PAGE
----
Set the Z-Index to a large number to ensure that the Panel will appear over all of the other controls when it is dropped down. Note, however, that there is a known problem whereby any HTML Select controls (which is what ASP.NET outputs for DropDownList controls) will appear over any other control, regardless of their Z-Index value. So you need to place the Panel control in a position such that it won’t drop down over Select or DropDownList controls or, put the Select or DropDownList controls in a Panel where they can be hidden when the calendar panel is dropped down.

Finally, set the Position of the Style attribute to Absolute so that it will allow other controls to flow around it. Otherwise the layout will not appear appropriately.

Now that all of the controls are in place, there are two basic ways to hide and show the Panel containing the Calendar. One way is to change the Image HTML control to a Button Web Server control and handle the button click on the server. The downside of this approach is two-fold: you have the performance hit of a server-side call and you have the flashing of the page caused by the repost.

Alternatively you can use the HTML Image, like in this example, and write some client-side scripting code to hide and show the panel when the image is clicked. The following presents the required client-side JavaScript code.


Insert this code in the portion of the HTML for the Web form. The function takes the name of the Panel control as a parameter, allowing for multiple occurrences of the “date picker”. As you are writing this code, don’t forget that JavaScript is case sensitive!

The code in the DisplayCalendar function uses the getElementById method of the document (Web page) to find the Panel control on the page. Then, if the panel is hidden, it shows it by setting the Display style to block. If the panel is shown, it hides it by setting the Display style to none. This has the effect of showing the panel containing the calendar when the end user first clicks the image and then hiding the panel if the end user clicks the image again.

For this script to work, it has to be connected to the OnClick event for the Image control:

   Display Calendar

Now for the code-behind…. When the end user selects a date in the Calendar control, the date should appear in the associated Textbox control and the Panel control containing the calendar should again be hidden. You do this by handling the SelectionChanged event of the calendar:

   Private Sub calActiveDate_SelectionChanged( _      ByVal sender As System.Object, _      ByVal e As System.EventArgs) _      Handles calActiveDate.SelectionChanged         txtActiveDate.Text = _         calActiveDate.SelectedDate.ToShortDateString      pnlActiveDate.Style.Item("display") = "none"   End Sub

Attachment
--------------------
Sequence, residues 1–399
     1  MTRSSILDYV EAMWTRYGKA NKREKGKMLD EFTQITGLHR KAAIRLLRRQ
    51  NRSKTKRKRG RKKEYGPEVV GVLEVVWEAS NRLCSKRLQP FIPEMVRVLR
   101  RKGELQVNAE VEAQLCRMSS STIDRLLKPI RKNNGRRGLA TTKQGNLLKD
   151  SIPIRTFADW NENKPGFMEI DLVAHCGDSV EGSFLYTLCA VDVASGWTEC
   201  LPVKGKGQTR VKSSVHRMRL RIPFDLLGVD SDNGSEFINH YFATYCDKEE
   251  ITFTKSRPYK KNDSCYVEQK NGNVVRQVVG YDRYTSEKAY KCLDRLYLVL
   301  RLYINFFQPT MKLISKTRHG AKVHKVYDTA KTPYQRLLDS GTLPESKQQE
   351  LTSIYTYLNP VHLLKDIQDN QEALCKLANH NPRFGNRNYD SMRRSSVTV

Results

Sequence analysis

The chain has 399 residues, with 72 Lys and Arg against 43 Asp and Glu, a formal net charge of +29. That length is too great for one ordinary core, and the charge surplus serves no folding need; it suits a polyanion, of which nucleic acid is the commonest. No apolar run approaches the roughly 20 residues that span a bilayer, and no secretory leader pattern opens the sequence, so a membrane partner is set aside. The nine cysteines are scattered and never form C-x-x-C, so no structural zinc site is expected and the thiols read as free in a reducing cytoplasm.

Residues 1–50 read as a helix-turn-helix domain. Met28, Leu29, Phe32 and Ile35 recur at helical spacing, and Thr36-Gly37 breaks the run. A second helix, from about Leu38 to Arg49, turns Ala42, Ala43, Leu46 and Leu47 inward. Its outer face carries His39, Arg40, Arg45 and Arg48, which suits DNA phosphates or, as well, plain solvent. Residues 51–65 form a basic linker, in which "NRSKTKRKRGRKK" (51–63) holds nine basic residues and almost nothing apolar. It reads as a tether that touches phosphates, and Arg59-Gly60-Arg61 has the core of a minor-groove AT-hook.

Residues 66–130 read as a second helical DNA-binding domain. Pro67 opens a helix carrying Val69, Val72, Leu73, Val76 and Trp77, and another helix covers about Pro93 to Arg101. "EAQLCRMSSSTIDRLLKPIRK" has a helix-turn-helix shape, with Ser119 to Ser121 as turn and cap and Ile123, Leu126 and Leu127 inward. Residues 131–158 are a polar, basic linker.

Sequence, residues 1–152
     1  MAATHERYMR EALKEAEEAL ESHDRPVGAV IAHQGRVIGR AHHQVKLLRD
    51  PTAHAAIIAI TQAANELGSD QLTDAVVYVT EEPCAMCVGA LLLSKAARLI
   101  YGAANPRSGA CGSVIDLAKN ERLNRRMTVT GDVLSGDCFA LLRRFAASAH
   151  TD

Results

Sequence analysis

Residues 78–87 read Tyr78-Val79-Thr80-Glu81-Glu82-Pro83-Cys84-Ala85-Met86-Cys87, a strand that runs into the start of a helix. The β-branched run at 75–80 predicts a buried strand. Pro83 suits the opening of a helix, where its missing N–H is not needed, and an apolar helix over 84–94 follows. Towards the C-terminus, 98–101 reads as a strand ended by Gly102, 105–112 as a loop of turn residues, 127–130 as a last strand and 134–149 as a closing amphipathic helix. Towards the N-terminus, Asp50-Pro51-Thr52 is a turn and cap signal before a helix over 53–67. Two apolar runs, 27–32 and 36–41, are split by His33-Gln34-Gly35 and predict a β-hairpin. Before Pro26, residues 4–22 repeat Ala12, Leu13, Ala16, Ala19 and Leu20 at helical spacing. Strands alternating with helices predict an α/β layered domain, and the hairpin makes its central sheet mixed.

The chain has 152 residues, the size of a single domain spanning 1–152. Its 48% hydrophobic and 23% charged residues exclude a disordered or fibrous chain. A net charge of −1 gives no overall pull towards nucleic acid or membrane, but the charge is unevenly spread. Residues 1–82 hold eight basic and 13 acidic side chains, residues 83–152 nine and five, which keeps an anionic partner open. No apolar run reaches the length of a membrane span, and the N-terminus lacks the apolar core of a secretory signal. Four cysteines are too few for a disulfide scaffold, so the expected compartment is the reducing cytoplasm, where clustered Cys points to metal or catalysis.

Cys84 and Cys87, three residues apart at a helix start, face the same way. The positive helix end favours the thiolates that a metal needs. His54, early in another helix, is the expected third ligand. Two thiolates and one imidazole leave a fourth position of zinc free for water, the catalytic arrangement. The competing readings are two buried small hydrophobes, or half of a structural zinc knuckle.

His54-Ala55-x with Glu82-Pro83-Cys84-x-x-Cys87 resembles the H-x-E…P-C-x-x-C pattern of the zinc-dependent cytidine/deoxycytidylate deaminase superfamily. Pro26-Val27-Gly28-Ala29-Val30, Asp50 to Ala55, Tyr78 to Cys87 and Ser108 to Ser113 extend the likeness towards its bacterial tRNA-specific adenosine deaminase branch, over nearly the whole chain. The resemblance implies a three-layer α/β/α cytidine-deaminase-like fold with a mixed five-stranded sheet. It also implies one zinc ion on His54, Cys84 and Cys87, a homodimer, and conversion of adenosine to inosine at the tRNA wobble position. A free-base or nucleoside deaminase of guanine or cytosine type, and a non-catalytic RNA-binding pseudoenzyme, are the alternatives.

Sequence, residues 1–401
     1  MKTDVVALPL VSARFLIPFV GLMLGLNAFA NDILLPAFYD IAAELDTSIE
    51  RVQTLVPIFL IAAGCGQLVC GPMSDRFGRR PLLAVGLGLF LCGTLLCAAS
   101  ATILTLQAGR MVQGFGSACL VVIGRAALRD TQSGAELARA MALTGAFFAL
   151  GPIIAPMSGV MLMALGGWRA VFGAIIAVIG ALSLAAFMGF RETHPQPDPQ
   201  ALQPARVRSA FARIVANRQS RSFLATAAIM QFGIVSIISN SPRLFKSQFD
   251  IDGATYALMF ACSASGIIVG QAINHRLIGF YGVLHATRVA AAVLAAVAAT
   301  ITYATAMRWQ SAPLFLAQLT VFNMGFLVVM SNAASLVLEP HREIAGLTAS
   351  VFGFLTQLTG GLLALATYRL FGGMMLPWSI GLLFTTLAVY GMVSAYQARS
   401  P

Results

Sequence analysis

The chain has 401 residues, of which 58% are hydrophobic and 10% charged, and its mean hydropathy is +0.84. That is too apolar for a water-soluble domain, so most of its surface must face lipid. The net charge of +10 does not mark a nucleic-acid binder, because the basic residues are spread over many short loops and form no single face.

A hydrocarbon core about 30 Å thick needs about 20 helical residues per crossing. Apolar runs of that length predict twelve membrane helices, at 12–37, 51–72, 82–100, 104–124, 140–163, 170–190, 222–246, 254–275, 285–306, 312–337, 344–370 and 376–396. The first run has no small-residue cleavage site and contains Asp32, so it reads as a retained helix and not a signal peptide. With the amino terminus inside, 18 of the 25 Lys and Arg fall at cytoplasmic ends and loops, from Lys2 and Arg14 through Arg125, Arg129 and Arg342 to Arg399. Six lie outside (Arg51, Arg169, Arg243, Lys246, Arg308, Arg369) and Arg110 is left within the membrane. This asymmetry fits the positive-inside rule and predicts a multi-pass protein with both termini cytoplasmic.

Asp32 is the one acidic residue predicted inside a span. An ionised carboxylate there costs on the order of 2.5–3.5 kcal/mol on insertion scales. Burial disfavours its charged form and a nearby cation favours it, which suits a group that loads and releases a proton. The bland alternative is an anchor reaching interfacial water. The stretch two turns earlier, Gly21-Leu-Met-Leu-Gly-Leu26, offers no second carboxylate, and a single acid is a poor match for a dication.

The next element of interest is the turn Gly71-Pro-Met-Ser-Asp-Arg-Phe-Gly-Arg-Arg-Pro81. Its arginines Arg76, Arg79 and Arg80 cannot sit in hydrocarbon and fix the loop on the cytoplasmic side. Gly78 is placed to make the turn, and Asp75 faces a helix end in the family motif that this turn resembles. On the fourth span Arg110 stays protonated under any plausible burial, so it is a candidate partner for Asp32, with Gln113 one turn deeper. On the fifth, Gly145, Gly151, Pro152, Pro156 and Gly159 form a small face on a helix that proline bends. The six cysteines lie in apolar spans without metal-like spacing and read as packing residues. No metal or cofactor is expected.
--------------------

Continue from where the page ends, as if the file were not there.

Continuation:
This code puts the short date version of the date into the Textbox control. It then hides the Panel containing the Calendar control. Notice that the Display style of the Panel control is used instead of the Visible attribute of the control. Setting the Visible attribute of a Web Server control prevents the control from appearing in the HTML, which means that it cannot be accessed from any client-side scripting. Since this example uses client-side scripting to access this control, the Display style is used instead.

The last event that the code needs to handle is the VisibleMonthChanged event:

   Private Sub calActiveDate_VisibleMonthChanged( _      ByVal sender As Object, _      ByVal e As WebControls.MonthChangedEventArgs) _       Handles calActiveDate.VisibleMonthChanged         pnlActiveDate.Style.Item("display") = "block"   End Sub

The existing code will cause the panel containing the calendar to be hidden when the end user clicks on a date, which is desired. But the code will also cause the calendar to be hidden when the end user clicks on the arrows to change the month, which is not desired. So code in the VisibleMonthChanged event will ensure that the panel remains shown as the end user clicks through the months.

There you have it, a poor man’s date picker control using the Microsoft Calendar control.

It is often not the every-day coding that impacts our productivity and causes us to miss our deadlines and overrun our budgets. Rather, it is how quickly we can find answers when .NET does not provide us with the results we expected.

Knowing about the roadblocks ahead of you and how to get around them will make it easier for you to get to your destination on time.